Jeffry `Maverick' Arend Memorial

On September 17, 1999, Jeffry Arend, known as Maverick to most of us, died in a motorcycle accident in Clay County, Kentucky. He was travelling alone at the time, en route from Columbus to the Honda Sport Touring Association TN-STAR event in Tennessee. He was 33 years old.

In the few years that CMH-MOTO has been around, Mav had become friends with many of us. His sense of humor and eagerness to help always brightened a gathering. He was almost always present at CMH-MOTO events; if not, it was invariably because he was out on a ride: Pennsylvania, New Mexico, West Virginia, Kentucky or Tennessee - any place with good roads.

I rode with Jeff many times, at CMH-MOTO or HSTA rides. He always rode responsibly. He wore good protective gear, and he knew his limits and stayed inside them. He worked hard to improve his riding, taking classes and reading the books available on the subject. That Maverick could be killed this way is a reminder to us all that accidents do not only happen to squids; we all can make mistakes, and no matter what gear we wear, or how we ride, we cannot reduce risk to zero.

In 1999, Maverick had started the Ohio YSR League, OYL, a Yamaha YSR-50 racing series with events at Circleville Raceway, a kart track south of Columbus. He had never organized a race before, nor had he competed. With typical zeal and optimism, he took on both at once. Oh, and at the same time he was on the door prize committee for the Ohio HSTA, while we were soliciting and collecting items for local events, and the STAR 99 national rally. This not only involved calling and visiting dealers and vendors all around Ohio, but Mav built the database for the project. All this made for a bumpy start to the OYL season for him, but his infectious enthusiasm earned him a group of volunteers to make things smoother, and as the season progressed, the series enjoyed great success. Sadly, Mav died before the last race, but at that race, the donations in his name and the words of those who spoke of him testified to the way he had touched the people around him. The OYL racers and volunteers vowed to keep the league going, and an annual award in his memory was made a part of the season-end ceremony.

Maverick will be missed by many. Yesterday was New Year's Day, 2000. 9 of us met for brunch and a ride. Somebody said, after one comment, "Maverick should have been here, that's his kind of joke." This sort of observation happens frequently now. In some ways, whenever a group of us are riding now, it seems to me like we're doing a sort of missing-man formation, riding in memory of Maverick. Godspeed, Mav.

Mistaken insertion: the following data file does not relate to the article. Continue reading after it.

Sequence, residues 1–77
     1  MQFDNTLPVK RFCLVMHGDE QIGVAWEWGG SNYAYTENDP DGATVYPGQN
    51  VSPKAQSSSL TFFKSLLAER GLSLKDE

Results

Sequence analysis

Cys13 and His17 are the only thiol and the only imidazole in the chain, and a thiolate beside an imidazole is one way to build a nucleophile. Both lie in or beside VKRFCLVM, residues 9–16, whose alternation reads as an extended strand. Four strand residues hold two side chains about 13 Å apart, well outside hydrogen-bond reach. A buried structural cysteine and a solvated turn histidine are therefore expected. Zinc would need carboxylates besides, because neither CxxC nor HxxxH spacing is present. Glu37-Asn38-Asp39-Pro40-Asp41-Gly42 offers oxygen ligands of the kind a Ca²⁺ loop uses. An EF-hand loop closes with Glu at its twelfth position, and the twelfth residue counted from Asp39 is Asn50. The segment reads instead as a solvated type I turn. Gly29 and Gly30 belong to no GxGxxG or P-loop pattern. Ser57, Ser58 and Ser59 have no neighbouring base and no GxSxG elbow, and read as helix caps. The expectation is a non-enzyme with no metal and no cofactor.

Phil Ross wrote a much better tribute to Maverick than anything I could say.

Here are a few pictures from Ed Milich, with his comments:

New Years Ride: This was taken on 1/1/99, at the Flying Jay Diner [Actually, it was at the Halfway House -BD], North of town on Rt. 23. Maverick and Tim Gerwin were the only ones foolish…I mean brave enough to actually show up on their bikes. Notice the ice on the ground at their feet. Now that I think about it, Tim lives pretty close to the restaurant, by Alum Creek. Mav, on the other hand, lived on the extreme other side of Columbus, so he probably froze his butt off on the way home from that rendezvous.

Nuclear River: You never know what you'll find on the Ohio River. Hillbillies, hay trucks, or nuclear reactors... I took this photo on the side of the road as we traveled to a HSTA Mail Pouch Fly-by in West Virginia. (July '98?). Maverick had already paid for a room, and he let me sleep in the extra bed before I took off for a BMW rally the next morning. Just another example of how selfless he was... Also of note is the guy on the white Honda ACE, on the far right, who had the only cruiser in our little group. I never got his name. [Brick says it's Ed Brown -BD] The poor guy was scraping his floorboards trying to keep up with our "spirited' pace (set by lead rider Maverick). It's funny- I don't think I ever saw him in any CMH-MOTO rides after that...[From the left, that's Maverick, Woovis, Tom Rannebarger, and the unknown ACE rider. -BD]

Bridge Day: This was taken during the annual Bridge Day event at the New River Gorge in West Virginia, where the world's longest single arch steel span bridge is opened up to foot traffic one day each summer. That's Woovis, Maverick, and Mark Jordan in the photo. I really don't have any specific memories of the was just one of many timeless warm summer days that we spent buzzing through the lazy backroads of the Midwest.


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Bryan Dunlap
<bcd at cmh dash moto dot org>
Last modified: Wed May 18 08:29:39 2016